THE World Wildlife Fund (WWF) has recognised the positive impact on sustainability made by the Global Salmon Initiative (GSI), a group which represents 50 per cent of the world’s farmed salmon production.
In an article, published on its website, the WWF acknowledges how the salmon producers’ model of pre-competitive collaboration has helped transform the industry towards a more sustainable future.
The GSI is praised for offering ‘a faster path to innovation and progress in addressing environmental, sustainability and reputational challenges’.
Disease and sea lice management are among the areas in which information sharing among the producers has been most beneficial, said the WWF.
And the salmon farmers are also hailed as an example to other industries wanting to accelerate their sustainability goals.
‘Aquaculture, a relatively young industry in terms of global commercial growth, has received a great deal of scrutiny regarding its negative environmental impacts, and salmon in particular has been in the limelight,’ wrote the WWF in its article.
‘With mounting negative press, pressure from buyers, and limitations to social licence to expand operations (or even just to operate in some cases), salmon farming companies looked for alternative ways to address these challenges.’
A number of industry CEOs decided to take proactive action and create the GSI, committing to voluntarily reporting on ‘the key indicators of sustainability performance’ – for example, metrics on fish escapes, antibiotic use, and marine ingredients in feed.
‘While sustainability reporting is becoming mainstream and many companies are now voluntarily reporting on a variety of sustainability metrics, it is not common for an industry to agree upon which metrics to use and how to measure them, and to then provide data on a public platform side-by-side with the competition,’ the WWF continued.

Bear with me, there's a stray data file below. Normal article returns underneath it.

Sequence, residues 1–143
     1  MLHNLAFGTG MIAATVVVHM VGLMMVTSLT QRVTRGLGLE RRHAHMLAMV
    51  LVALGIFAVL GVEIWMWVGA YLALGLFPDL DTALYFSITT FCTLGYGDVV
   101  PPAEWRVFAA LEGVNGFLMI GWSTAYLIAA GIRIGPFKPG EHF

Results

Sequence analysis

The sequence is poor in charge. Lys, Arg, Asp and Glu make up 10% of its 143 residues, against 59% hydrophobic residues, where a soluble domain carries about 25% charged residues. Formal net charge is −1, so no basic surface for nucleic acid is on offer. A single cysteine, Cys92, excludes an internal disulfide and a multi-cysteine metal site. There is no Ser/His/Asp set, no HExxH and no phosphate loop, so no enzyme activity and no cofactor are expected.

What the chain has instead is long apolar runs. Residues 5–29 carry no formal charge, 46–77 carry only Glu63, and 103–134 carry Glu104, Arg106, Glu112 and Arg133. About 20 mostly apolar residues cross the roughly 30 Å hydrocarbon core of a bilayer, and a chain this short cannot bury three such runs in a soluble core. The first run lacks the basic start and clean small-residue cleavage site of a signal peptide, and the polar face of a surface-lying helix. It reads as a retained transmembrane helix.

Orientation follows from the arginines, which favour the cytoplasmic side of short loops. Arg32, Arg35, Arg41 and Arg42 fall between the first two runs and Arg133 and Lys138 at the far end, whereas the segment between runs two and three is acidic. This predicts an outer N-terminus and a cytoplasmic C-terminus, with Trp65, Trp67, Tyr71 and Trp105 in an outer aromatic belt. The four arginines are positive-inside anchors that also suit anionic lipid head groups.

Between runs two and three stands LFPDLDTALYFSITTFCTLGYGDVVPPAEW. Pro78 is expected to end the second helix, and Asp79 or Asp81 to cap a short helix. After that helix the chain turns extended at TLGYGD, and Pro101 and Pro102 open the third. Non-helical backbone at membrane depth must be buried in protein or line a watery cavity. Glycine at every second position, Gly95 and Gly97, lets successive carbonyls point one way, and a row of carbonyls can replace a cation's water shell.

The conservation NGO went as far as saying that the work of the GSI members has resulted in a ‘significant perceived improvement in reputation’ for the industry and even helped secure the future of the businesses involved.
The World Wildlife Fund highlighted several GSI successes and initiatives, including:
- The uniqueness of the Sustainability Report in allowing members to demonstrate a commitment to transparency and continuous improvement in managing common resources in an environmentally responsible way, enabling the mitigation of reputational risk, as well as helping to secure the future of their businesses;
- The bold pledge to certify all farms with the Aquaculture Stewardship Council (ASC) certification by 2020, signalling the level of commitment to improving environmental stewardship and advancing the sustainability agenda;
- The value that sharing experiences and insights between the members has had on accelerating progress towards the identification and implementation of scalable solutions to sea lice and disease management ; and
- The demonstrable impact the GSI have made on feed efficiency, both in terms of feed conversion ratios, as well as the amount of fishmeal and fish oil required.
The GSI was established in 2013, initially representing nearly 70 per cent of global production and 17 salmon aquaculture companies. Today there are 14 members representing 50 per cent of global salmon farming production.
Each company has committed both financial resources and time to advance the GSI’s goals, which include driving Aquaculture Stewardship Council certification. Around 40 per cent of the industry is currently ASC certified, including 60 per cent of GSI member production.
Member companies in the GSI span the world and include AquaChile, Bakkafrost, Mowi, Grieg, Cermaq, Tassal and New Zealand King Salmon.
‘At a time when natural resources are being depleted far more quickly than they can regenerate, and pressure on the food system mounts, the lessons learned from the GSI can be applied to other industries to enhance bottom lines and accelerate progress towards sustainability across industries and the planet,’ said the WWF.
‘The GSI is the leading example of industry leadership in transforming an entire sector towards a more sustainable future.’
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